Former Florida Gov. Jeb Bush, a potential 2016 Republican presidential contender, is doubling down on his support for the Common Core education standards, despite the objections of many conservatives.
“In my view, the rigor of the Common Core State Standards must be the new minimum in classrooms,” Bush said Thursday in the keynote speech at the National Summit on Education Reform in Washington, the Washington Times reported.
An August Gallup poll found 59 percent of Americans said they oppose Common Core. In a party breakdown, 76 percent of Republicans oppose the standards, while only 17 percent of Republicans support them.
The math and English standards – developed by the National Governors Association and the Council for Chief State School Officers – were initially adopted by 44 states, but several have dropped Common Core altogether, while others are reviewing its implementation.
“For those states choosing a path other than Common Core, I say this: aim even higher,” Bush said. “Be bolder. Raise standards and ask more of our students and the system. Because I know they have the potential to deliver it. Even if we don’t all agree on Common Core, there are more important principles for us to agree on.”
Though Common Core is not a federal program, the U.S. Department of Education tied “Race to the Top” federal school grants with adoption of the standards.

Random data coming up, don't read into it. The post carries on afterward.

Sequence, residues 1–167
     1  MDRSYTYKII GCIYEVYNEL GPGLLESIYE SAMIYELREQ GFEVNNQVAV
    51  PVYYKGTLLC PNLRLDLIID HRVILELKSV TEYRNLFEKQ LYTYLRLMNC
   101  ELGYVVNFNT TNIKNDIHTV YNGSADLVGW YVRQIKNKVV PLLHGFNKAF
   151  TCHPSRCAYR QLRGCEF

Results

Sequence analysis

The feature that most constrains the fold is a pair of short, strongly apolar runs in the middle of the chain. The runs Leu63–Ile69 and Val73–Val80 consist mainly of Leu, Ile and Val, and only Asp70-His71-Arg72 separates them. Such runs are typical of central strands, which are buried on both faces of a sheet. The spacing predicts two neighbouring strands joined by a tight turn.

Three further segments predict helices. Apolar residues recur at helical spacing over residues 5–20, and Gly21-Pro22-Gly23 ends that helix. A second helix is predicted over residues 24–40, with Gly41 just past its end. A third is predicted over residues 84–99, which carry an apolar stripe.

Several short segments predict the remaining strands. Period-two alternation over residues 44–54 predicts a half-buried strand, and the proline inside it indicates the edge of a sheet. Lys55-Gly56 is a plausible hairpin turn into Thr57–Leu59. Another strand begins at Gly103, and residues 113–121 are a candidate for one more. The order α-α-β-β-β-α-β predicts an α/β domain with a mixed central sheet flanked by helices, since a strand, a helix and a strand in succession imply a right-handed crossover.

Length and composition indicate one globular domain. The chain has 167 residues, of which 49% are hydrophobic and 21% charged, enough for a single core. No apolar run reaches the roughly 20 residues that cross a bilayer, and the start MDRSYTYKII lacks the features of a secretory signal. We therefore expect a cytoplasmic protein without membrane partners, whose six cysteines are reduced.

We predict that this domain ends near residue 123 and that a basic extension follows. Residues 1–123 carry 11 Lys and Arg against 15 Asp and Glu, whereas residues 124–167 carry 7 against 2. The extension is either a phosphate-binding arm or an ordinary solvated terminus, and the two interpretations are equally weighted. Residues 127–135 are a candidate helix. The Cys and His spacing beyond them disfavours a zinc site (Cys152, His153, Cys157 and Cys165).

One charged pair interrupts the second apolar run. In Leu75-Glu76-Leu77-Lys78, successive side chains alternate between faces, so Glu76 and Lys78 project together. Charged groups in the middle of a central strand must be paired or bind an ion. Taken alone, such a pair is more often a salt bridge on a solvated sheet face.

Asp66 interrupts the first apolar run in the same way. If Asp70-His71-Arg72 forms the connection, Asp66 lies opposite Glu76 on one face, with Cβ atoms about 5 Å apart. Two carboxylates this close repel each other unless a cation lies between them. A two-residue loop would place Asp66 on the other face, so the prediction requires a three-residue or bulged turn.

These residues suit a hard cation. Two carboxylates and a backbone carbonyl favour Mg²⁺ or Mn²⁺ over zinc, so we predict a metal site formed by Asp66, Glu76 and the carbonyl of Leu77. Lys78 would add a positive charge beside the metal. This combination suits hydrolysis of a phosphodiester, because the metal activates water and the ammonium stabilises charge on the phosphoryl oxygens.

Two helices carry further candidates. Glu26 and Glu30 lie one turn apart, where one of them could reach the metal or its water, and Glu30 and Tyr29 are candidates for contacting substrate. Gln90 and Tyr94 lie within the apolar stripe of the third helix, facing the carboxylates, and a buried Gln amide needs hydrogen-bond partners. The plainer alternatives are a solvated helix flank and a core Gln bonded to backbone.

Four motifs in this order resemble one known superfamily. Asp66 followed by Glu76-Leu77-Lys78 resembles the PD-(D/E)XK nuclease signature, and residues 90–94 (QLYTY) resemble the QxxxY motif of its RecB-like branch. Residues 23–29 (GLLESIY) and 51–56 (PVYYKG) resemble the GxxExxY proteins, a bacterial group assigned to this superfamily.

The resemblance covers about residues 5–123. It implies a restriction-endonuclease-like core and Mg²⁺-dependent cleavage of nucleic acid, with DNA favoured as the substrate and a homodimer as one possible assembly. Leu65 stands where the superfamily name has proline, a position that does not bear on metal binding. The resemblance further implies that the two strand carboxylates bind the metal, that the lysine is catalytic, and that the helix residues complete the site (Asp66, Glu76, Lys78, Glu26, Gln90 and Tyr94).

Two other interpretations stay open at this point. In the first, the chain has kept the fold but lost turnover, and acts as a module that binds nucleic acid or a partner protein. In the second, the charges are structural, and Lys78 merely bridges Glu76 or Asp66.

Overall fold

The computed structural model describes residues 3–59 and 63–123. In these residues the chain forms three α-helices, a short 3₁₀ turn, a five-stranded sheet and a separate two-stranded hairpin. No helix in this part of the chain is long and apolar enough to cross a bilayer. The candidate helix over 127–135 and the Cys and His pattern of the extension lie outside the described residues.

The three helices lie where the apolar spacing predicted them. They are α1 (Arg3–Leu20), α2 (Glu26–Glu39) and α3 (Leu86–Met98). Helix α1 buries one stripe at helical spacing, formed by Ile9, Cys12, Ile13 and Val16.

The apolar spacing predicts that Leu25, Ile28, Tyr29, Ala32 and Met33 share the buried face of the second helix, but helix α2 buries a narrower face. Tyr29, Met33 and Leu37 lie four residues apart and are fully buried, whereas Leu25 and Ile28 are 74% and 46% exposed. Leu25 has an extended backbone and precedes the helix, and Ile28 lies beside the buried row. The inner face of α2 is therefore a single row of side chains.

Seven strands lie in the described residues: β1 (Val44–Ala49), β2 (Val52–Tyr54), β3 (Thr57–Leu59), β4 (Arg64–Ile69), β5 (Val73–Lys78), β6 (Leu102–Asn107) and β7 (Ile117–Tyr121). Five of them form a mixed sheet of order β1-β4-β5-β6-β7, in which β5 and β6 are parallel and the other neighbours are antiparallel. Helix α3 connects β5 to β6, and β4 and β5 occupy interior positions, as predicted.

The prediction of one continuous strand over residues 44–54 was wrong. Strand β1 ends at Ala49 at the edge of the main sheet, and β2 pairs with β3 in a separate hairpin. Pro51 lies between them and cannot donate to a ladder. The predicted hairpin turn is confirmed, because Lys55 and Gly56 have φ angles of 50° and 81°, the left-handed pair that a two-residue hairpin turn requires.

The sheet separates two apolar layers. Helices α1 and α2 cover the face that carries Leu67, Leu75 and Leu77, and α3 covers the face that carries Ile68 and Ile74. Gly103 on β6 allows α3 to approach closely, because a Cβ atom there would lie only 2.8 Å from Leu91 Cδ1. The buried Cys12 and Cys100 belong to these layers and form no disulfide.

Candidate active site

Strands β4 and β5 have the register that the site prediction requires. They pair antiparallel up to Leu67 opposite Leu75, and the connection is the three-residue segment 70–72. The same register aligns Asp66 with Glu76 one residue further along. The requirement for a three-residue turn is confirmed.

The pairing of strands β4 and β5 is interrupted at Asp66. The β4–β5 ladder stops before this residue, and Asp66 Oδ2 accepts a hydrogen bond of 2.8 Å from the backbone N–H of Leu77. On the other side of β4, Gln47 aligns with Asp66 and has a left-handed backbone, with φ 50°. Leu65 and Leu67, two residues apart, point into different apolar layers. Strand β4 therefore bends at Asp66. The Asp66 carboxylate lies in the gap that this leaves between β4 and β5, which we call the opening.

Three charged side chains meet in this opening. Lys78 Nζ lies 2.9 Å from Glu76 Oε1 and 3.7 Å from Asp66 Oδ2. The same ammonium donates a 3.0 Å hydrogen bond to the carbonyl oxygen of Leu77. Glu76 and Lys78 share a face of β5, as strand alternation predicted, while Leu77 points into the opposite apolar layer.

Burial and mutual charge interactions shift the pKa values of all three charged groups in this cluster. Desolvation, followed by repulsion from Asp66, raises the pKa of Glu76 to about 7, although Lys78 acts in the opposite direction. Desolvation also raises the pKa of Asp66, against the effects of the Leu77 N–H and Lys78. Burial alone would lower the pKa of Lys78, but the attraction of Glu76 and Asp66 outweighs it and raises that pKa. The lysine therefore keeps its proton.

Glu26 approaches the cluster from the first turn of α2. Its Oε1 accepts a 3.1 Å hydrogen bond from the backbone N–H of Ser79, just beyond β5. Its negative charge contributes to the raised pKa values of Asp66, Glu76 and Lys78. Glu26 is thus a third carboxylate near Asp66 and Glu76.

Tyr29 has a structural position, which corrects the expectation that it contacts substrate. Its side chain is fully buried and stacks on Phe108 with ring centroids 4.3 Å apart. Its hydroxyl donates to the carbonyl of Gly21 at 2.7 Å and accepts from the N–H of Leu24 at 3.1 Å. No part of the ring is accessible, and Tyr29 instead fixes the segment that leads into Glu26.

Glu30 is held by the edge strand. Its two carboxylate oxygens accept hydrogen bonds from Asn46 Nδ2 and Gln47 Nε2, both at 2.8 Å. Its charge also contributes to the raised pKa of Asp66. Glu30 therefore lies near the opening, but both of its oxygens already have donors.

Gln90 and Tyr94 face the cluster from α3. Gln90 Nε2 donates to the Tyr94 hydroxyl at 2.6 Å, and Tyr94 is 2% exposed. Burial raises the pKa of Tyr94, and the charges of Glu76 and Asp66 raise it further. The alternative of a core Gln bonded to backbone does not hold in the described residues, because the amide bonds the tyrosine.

“We should be willing to experiment,” Bush said. “We should always look to improve our thinking based on the evidence. This is why the debate over the Common Core State Standards has been troubling.”
Bush, the son and brother of former presidents, has not announced plans to run for president in 2016, but is being nudged by some prominent Republican to do so. Other potential rivals for the GOP nomination in 2016 have staked out solid opposition to Common Core, including Wisconsin Gov. Scott Walker, Louisiana Gov. Bobby Jindal and Indiana Gov. Mike Pence.
During the Thursday speech, he was somewhat conciliatory with the other side of the Common Core debate.
“I respect those who have weighed in on all sides of this issue,” Bush said. “Nobody in this debate has a bad motive."
But Bush stressed that actions need to take place to improve the nation’s education.
“Only a quarter of our high school graduates who took the ACT are fully prepared for college,” Bush said. “More than half who attend community college need to take some kind of remedial course. Six hundred thousand skilled manufacturing jobs remain unfilled because we haven’t trained enough people with those skills. And almost a third of high school graduates fail the military entrance exam. Given this reality, there is no question we need higher academic standards and — at the local level — diverse high-quality content and curricula.”